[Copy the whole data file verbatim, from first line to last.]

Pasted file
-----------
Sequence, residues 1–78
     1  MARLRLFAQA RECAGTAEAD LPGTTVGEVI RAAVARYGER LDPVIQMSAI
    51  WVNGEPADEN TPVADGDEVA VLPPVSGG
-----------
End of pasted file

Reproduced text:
Sequence, residues 1–78
     1  MARLRLFAQA RECAGTAEAD LPGTTVGEVI RAAVARYGER LDPVIQMSAI
    51  WVNGEPADEN TPVADGDEVA VLPPVSGG